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Preparing for the Third Lebanon War

In a thorough study, Gideon Sa’ar and Ron Tira consider the threat posed by Hizballah’s acquisition of high-precision weapons (which it may soon be able to build itself), its presence, together with Iranian forces, along the Israel-Syria border, and the high likelihood of another war much like the 2007 conflict but more devastating to both sides. Sa’ar and Tira caution that war would be unlikely to lead to anything resembling a decisive victory, but they also stress the need to risk the possibility of war in order to keep Hizballah and its allies from acquiring the most advanced weapons. They write:

In certain senses Israel is unusual in its vulnerability to precision weapons, as on the one hand it is a Western country with advanced critical infrastructure, and on the other hand, it is a small country with concentrated critical infrastructures and little redundancy. . . . [For example], the six largest electricity-generating sites in Israel (including private ones) account for 51 percent of the national capacity for electricity generation. Thus the threat represented by even a small number of precision missiles that breach Israel’s countermeasures and strike critical systems, such as electricity generation, could be unprecedented. The picture is similar with regard to other critical systems. . . . [Therefore], Israel must be prepared to escalate even as far as [all-out] war in order to thwart Hizballah’s precision-capability buildup.

Indeed, Jerusalem could face a situation much graver than the threat of an asymmetric war with a guerrilla army:

[The] military buildups by Iran and Hizballah in Syria, and the production of [advanced] weapons in Lebanon, . . . could be seen as an attempt by Iran and Hizballah to create a symmetrical strategic equation with Israel, if not more than that. . . . Indeed, it is possible that the temporary and partial suspension of the Iranian nuclear program is incentivizing what looks like an attempt to reach a strategic balance against Israel in other spheres, resulting in a dynamic of escalation. These processes could very well put the regional system at a crossroads, and raise the probability of war.

To make matters worse, Sa’ar and Tira note that Russia has thrown in its lot with Iran and Hizballah, raising the stakes considerably:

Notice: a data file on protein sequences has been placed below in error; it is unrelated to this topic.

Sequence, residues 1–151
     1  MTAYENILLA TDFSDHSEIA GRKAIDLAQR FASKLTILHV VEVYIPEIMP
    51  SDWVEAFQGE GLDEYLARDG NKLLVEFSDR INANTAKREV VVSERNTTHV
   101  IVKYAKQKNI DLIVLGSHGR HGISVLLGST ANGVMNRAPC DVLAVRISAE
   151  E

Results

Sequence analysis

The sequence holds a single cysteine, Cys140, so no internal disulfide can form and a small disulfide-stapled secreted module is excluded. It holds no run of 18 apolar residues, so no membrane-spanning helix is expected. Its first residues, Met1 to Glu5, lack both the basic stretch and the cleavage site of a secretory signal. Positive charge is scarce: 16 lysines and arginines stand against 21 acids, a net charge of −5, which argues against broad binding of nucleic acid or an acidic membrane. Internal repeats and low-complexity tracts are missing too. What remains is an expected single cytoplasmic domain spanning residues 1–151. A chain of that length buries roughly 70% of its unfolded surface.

An extension of the fighting [in an Israel-Hizballah conflict] to Syria . . . could interfere with Russian attempts to stabilize its own order in Syria. Therefore, Russia could try to limit Israel’s political, strategic, and even operational freedom to act. . . . In its six previous campaigns [since 1993 against Hizballah and against Palestinian terrorists], . . . even when Israel made mistakes, the price of such mistakes was tolerable in strategic terms. But the [use] of improved-precision weapons and the [involvement] of Russia could fundamentally change the characteristics of the next conflict, so that it will not be the “seventh in a row.” It is possible that Israel cannot allow itself to delay taking decisions, as it had in the past, and the price of error will be far greater.

Read more at Institute for National Security Studies

More about: Hizballah, Iran, Israel & Zionism, Israeli Security, Lebanon, Russia, Syria

Palestinian Unification Brings No Benefits to Israel Unless It Involves Disarmament

Oct. 17 2017

On Thursday, Hamas—which governs the Gaza Strip—and Fatah—which governs parts of the West Bank through the auspices of the Palestinian Authority (PA)—signed an agreement ending over a decade of conflict. The agreement will allow Hamas to share the governance of Gaza with the Fatah-controlled PA; crucially, the PA will again supply Gaza with fuel, electricity, and medical supplies. But Hamas will maintain control over its military and terrorist operations, and thus, writes Alan Baker, the agreement brings peace no closer:

The Hamas-Fatah unity agreement could, in principle, be seen to be a positive development in the general framework of the Middle East peace process . . . [were it] to enable a responsible and unified Palestinian leadership, speaking with one voice and duly empowered to further peace negotiations. . . .

[But in order for such an agreement to have this effect, its] basic tenet . . . must be the open reaffirmation of the already existing and valid Palestinian commitments vis-à-vis Israel and the international community, signatories as witnesses to the Oslo Accords. Such commitments, set out in detail in the accords, include ending terror, incitement, boycott, and international attempts to bypass the negotiating process. Above all, they require dismantling all terror groups and infrastructures. They necessitate a return to economic and security cooperation and a positive negotiating mode. . . .

The Palestinian Authority also has its own obligation to cease supporting terrorists and their families with salaries and welfare payments. Since the present unification does not fulfill [this requirement], it cannot be acceptable either to the international community or to Israel.

Read more at Jerusalem Center for Public Affairs

More about: Fatah, Gaza Strip, Hamas, Israel & Zionism, Palestinians